Friday, October 1, 2021



A meaningful gift I received!
Three congregational settings in 5 years triggered the District staff to suggest I consult a counselor to investigate those moves. The suggested counselor was a pastor with specific training in mental health. After asking, listening, and contemplating the counselor stated that I have a "spirit of wanderlust." The counselor suggested if I neglected to reign in this aspect of my character the chances of longevity in pastoral ministry would be limited. I would appear, at least on paper as "too unstable." I wanted to continue being a pastor. My skill set was fairly limited to explore other vocations. My wife and I wanted to start a family. Someone needed to provide income, health insurance, and all of those things that provide for the typical, stable family. Thus I discovered ways and disciplined myself to suppress my wanderlust and act like a professional. 

Stiff & lifeless!

Everything can be suppressed. However, I had bouts when suppression seemed futile. If wanderlust was an intrinsic characteristic why was I attempting to lock it away? What about using it in a creative manner? Could it be enhancing instead of detrimental? I was provided opportunities to facilitate groups in spirituality, the first 4 Steps in Alcoholics Anonymous, and working with "at risk" teenagers in a Middle School setting. Instead of the usual droning of instruction I attempted to be more interactive and engaging. Given the task of enhancing morale at a healthcare facility where I worked as a chaplain, the other chaplains and myself provided root beer floats to staff as they came to their vehicles at the end of shift on a Friday afternoon.  Not to be forgotten, treats were personally delivered to staff working the other shifts. No group was to be neglected. It took time and creativity, but it was a morale booster. Yes, I received push-back from some administrators and peers, but it was worth it!  As most of my parish ministry has been in smaller congregations, I have taken advantage of props and nontraditional delivery methods for sermons. Maybe the message's details became clouded at times, but people remembered the overall theme in the days ahead. The willing and drive to seek out and create adventure in diverse aspects of life continues. Maybe it is now less threatening to others as I can be labeled a "crazy old person." It is now less damaging to my ego and job prospects!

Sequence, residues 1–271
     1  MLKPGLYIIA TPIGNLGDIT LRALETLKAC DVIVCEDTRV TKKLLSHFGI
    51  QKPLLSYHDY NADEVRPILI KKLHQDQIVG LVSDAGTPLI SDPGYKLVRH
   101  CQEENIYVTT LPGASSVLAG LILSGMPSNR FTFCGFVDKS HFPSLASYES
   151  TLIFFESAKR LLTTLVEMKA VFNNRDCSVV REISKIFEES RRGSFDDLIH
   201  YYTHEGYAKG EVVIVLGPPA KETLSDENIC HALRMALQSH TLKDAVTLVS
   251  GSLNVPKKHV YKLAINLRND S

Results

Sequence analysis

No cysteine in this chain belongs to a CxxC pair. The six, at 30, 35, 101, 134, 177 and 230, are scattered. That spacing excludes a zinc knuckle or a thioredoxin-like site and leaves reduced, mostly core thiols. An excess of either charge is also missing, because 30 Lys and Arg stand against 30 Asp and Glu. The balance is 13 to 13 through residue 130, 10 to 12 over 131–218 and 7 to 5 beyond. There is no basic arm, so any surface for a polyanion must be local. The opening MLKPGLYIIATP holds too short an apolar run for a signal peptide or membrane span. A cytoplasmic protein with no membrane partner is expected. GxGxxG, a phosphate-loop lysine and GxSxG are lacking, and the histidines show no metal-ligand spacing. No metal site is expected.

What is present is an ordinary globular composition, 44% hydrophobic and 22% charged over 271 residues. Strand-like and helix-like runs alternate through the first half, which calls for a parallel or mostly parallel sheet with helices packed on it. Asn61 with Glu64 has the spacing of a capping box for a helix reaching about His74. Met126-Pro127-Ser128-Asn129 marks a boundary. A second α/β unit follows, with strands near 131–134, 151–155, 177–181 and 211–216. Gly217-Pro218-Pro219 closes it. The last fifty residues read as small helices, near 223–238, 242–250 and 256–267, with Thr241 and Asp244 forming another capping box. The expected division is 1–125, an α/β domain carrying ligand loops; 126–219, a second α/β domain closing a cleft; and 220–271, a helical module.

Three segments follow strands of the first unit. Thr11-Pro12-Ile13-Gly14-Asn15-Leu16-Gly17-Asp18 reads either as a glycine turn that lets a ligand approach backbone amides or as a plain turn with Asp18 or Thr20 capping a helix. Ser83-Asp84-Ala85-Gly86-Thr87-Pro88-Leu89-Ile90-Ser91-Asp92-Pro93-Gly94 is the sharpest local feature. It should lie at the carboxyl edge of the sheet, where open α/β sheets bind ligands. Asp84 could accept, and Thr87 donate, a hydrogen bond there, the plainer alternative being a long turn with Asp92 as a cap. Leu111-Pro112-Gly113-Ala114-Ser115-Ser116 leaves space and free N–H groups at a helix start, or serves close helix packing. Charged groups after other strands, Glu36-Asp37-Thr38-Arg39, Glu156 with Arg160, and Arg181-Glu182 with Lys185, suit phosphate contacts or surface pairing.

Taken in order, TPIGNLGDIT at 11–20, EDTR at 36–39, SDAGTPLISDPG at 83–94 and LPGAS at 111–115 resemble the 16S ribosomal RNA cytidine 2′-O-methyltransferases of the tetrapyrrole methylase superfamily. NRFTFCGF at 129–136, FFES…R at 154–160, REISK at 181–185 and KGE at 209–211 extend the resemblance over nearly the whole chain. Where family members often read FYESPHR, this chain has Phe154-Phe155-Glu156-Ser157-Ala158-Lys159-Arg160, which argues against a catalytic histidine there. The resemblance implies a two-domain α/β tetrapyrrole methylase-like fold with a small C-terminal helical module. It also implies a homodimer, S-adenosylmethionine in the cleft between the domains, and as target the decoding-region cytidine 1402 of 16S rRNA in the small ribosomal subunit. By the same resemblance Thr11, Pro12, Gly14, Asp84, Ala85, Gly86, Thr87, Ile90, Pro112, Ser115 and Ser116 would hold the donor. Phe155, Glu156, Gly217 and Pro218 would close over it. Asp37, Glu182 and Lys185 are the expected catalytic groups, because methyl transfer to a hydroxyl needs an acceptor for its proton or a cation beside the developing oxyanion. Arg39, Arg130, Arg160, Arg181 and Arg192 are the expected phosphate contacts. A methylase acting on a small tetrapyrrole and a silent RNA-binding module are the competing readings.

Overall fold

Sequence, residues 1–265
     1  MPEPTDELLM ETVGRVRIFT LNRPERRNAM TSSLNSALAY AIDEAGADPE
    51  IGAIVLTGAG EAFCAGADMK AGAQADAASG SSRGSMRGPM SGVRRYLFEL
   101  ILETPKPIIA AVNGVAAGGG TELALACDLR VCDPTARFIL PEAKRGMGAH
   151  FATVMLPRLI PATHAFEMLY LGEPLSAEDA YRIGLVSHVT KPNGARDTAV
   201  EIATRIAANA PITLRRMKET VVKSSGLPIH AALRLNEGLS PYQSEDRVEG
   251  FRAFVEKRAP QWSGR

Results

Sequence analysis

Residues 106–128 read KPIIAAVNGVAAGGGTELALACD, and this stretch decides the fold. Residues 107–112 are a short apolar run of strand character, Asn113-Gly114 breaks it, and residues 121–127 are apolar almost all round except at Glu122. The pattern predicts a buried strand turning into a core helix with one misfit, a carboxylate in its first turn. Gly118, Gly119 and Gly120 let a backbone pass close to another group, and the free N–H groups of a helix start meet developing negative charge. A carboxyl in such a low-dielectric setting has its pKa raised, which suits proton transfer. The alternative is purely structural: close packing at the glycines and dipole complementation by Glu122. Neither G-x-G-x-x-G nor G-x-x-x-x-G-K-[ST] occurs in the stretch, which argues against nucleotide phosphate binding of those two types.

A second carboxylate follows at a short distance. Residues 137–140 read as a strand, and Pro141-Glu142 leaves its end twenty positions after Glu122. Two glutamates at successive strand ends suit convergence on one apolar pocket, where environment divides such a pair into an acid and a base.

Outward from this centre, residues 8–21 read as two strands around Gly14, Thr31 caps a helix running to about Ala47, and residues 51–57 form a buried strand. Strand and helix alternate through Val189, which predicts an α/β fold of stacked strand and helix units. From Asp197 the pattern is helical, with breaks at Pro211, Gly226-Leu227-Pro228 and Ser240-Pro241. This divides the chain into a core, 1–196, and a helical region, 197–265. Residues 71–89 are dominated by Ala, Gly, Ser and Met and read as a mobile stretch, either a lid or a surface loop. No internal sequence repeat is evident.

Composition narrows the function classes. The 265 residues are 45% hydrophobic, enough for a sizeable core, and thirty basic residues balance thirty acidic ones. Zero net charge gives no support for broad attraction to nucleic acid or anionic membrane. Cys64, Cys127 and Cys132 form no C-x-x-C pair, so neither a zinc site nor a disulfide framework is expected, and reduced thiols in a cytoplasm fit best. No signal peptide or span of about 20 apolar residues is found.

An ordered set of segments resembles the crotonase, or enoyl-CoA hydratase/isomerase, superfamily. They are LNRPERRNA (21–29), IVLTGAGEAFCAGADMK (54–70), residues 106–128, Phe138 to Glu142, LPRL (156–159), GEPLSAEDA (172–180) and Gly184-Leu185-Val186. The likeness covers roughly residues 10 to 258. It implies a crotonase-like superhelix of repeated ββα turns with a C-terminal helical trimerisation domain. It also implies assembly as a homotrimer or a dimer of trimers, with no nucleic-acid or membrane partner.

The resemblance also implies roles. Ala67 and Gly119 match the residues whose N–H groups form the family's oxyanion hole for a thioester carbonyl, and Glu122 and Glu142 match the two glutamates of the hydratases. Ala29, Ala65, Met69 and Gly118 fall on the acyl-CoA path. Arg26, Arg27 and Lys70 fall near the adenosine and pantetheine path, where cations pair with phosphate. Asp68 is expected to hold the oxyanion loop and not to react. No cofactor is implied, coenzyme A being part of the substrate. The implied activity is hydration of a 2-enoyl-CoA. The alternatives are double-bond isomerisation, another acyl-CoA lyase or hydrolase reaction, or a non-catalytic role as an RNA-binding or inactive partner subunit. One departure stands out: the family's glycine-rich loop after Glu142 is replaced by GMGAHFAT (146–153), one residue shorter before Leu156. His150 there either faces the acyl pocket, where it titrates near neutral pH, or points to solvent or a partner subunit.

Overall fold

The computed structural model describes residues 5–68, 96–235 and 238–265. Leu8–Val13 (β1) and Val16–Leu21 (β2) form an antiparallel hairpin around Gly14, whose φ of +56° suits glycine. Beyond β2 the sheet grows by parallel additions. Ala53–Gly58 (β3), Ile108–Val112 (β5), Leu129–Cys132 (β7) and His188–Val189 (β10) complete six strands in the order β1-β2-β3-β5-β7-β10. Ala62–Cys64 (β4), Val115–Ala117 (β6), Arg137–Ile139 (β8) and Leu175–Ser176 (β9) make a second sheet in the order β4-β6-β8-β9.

Frozen Otter Ultra Trek finisher.
I sense the tension between staying within normative expectations and developing personal characteristics continues to exist. This is not the same as pushing personal agendas onto others. It is not imposing one set of characteristics as the only way to function in society. Those ways have and continue to be foisted and forced upon others. This generates anger, division, and an "us verses them" mindset.  Instead of being told to suppress characteristics, the opportunity to develop them creatively should be a priority?  This could make strong inter-personal connections a reality. It could foster more creativity in possible solutions for the imbalances in society and environment. As the adage goes, if we only color within the lines we only get what was already outlined on the page. 

There are days when I enjoy allowing the wanderlust to roam free. It takes my body and mind in areas of unseen beauty and exploration. It is in these adventures away from prescribed norms where I sense both freedom and fulfillment. As I progress away from the "make-a-living" aspect of life the wanderlust tugs me into "why not give it a try!"

My advice: no matter what age or stage of life explore and develop your characteristics and character!

White Mountains in Vermont
Staying within the boundaries, submitting to someone else's norms may define you as "normal", but are you really normal? We are all unique, precious, and priceless beings created by an adventurous God.

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